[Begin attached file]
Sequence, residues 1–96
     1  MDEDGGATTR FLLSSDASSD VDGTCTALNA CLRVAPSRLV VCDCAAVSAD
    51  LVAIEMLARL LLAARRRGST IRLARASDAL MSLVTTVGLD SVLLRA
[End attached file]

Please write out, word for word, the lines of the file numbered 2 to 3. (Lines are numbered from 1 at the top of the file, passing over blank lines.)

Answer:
     1  MDEDGGATTR FLLSSDASSD VDGTCTALNA CLRVAPSRLV VCDCAAVSAD
    51  LVAIEMLARL LLAARRRGST IRLARASDAL MSLVTTVGLD SVLLRA